Number one seed aims to make up for failure in Australia.
World number one Serena Williams will have the chance to avenge her ouster from the Australian Open when she faces Sloane Stephens on Sunday in an emotional fourth-round showdown at the US Open.
Defending champion Williams, whose relationship with Stephens was strained after the prodigy upset the 16-time Grand Slam champion at Melbourne, advanced early Saturday by beating 78th-ranked Kazakh Yaroslava Shvedova 6-3, 6-1.
“It’s going to be tough,” Williams said. “Sloane is playing so well. I’m always so happy for her. She’s doing great. I’m really proud of Sloane. It’s going to be a really good match.”
US 15th seed Stephens eliminated US 23rd seed Jamie Hampton 6-1, 6-3, Friday and now faces the superstar she accused of disrespectful intimidation tactics and mind games for a quarterfinal berth on the Flushing Meadows hardcourts.
“It’ll be epic and something a lot of people will be looking forward to,” Stephens said. “I’m excited about it.”
Williams, who at 31 could become the oldest US Open women’s champion, and Stephens have not played since the 20-year-old phenom beat the four-time US Open champion 3-6, 7-5, 6-4 in an Australian Open quarter-final last January.
Stephens was friendly with Williams a year ago at New York but the relationship soured after Williams beat her in a Brisbane quarter-final 6-4, 6-3 and then suffered the shock Grand Slam defeat.
Williams did not refer to Stephens by name after the Brisbane match and Stephens later derided that, plus her rival’s loud screams of “Come on” during their matches and even that Williams had dropped off her list of Twitter followers.
Stephens now says the relationship has been repaired.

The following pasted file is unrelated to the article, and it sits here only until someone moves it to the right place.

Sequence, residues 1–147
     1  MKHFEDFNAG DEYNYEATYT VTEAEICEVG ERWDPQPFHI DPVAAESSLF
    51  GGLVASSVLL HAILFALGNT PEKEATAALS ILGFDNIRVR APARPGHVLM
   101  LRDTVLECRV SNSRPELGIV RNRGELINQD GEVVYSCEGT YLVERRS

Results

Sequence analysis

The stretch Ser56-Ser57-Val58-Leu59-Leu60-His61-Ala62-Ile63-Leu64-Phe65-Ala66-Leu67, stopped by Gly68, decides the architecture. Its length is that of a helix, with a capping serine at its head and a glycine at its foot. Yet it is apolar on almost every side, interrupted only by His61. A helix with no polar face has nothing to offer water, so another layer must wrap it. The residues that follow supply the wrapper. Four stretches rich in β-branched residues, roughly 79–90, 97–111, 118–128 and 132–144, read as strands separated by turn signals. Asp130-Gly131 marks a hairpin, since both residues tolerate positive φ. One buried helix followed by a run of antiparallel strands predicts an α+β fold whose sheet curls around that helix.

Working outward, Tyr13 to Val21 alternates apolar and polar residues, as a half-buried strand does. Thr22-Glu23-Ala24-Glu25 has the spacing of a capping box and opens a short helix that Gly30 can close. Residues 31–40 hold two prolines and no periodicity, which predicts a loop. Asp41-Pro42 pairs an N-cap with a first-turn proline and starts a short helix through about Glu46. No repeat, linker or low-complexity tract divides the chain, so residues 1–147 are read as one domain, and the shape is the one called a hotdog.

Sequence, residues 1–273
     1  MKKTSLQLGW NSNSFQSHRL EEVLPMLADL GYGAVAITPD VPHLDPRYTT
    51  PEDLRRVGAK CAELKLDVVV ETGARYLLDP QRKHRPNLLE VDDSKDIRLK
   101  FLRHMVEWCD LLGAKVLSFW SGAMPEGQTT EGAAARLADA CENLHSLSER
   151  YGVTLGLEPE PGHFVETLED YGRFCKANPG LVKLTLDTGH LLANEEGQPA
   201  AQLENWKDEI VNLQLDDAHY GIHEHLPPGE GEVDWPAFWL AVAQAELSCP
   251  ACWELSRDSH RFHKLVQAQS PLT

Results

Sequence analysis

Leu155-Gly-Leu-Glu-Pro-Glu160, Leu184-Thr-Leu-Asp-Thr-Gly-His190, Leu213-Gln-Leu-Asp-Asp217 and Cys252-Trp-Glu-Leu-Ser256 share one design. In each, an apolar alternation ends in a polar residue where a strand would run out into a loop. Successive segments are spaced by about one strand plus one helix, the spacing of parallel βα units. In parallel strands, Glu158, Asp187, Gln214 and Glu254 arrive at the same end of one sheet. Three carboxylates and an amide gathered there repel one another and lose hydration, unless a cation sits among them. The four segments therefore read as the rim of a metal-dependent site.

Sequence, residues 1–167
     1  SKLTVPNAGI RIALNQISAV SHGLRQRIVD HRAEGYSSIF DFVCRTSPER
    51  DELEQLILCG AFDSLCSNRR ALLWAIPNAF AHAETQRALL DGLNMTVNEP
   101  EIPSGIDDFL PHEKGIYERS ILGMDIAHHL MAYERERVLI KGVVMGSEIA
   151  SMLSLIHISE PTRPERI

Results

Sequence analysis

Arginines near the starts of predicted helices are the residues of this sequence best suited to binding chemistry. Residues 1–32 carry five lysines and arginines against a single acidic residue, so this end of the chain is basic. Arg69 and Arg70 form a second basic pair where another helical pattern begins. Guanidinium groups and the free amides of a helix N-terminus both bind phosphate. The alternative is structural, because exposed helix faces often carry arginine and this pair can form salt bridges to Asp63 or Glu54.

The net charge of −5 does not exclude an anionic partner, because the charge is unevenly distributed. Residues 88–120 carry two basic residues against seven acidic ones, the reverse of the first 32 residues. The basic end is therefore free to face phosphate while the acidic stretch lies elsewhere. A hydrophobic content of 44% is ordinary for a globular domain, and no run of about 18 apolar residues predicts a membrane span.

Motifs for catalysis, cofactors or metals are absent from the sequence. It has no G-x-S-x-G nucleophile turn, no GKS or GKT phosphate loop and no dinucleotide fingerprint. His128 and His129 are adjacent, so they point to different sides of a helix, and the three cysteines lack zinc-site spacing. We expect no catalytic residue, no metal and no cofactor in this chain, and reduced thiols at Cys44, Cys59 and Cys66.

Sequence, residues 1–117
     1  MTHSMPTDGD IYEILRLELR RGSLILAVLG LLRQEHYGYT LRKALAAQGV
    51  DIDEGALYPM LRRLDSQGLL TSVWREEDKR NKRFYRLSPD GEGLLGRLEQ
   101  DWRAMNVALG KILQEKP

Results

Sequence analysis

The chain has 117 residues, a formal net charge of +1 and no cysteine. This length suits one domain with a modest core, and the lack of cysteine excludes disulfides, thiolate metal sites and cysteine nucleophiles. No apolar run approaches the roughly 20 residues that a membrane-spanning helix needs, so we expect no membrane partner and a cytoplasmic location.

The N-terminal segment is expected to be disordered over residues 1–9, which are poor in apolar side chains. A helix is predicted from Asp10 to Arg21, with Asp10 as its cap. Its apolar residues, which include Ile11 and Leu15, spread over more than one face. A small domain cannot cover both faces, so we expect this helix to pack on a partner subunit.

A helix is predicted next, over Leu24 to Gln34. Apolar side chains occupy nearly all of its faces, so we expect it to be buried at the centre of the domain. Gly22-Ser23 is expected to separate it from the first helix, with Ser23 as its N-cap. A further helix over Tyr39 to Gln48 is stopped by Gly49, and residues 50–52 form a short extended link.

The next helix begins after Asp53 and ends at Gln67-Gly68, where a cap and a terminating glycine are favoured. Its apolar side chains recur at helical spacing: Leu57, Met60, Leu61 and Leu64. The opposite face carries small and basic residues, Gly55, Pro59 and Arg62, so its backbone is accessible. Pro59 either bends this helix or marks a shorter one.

“Love her,” Stephens said. “We’re all good. We’re competitors, co-workers. It’s definitely tough but now we’re in a good place. That’s all old news now and we’ve moved on. We’re fine. I think that’s all that matters.”
When it comes to the spat, Stephens she has learned from it but also has no regrets about her comments, either.
“Stay true to yourself and that’s all you can do. A lot of lessons learned,” she said. “I don’t regret anything and I’m happy with where I’m at right now.”
Stephens, ousted by eventual winner Victoria Azarenka in the Australian Open semi-finals, credits the challenge of facing Williams with sparking her to the French Open fourth round and Wimbledon quarter-finals later in the year.
“I needed to feel her taking the ball early, hitting aces, making her shots. I think that was able to help me all year,” Stephens said.
“It was very important for me the first time to just get out there and be like, ‘OK, it’s not as scary as I thought.'”
For her part, Williams praised Stephens during her run to the French Open title, again at Wimbledon after she crashed out before Stephens and this week.
“She’s such a good player and she’s so smooth,” Williams said. “She just has this game and this confidence that’s not easy to get. It’s so good to see her doing so well. It’s an honor to watch, really.”
Stephens takes such remarks in stride.
“Coming from one of the greatest players to ever play the game, that feels really good. It’s awesome,” Stephens said. “But if you don’t really live up to it, it’s a wash.”
Trying to do that will spice their US Open matchup.
“She is a fierce competitor. She’s going to bring it to you every single time. I love her fight,” Stephens said.
“She’s number one in the world for a reason. She’s very aggressive. She stays on top of you, doesn’t give you any room to breathe. She’s intense.”